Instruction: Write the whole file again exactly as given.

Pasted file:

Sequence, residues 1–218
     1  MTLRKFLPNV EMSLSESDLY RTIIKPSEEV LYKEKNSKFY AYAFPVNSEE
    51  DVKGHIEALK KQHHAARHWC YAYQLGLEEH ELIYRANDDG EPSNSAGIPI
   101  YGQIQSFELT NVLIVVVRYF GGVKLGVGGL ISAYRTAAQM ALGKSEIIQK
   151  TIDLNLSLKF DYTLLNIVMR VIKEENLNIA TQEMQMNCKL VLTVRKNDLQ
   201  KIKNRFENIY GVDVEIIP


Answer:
Sequence, residues 1–218
     1  MTLRKFLPNV EMSLSESDLY RTIIKPSEEV LYKEKNSKFY AYAFPVNSEE
    51  DVKGHIEALK KQHHAARHWC YAYQLGLEEH ELIYRANDDG EPSNSAGIPI
   101  YGQIQSFELT NVLIVVVRYF GGVKLGVGGL ISAYRTAAQM ALGKSEIIQK
   151  TIDLNLSLKF DYTLLNIVMR VIKEENLNIA TQEMQMNCKL VLTVRKNDLQ
   201  KIKNRFENIY GVDVEIIP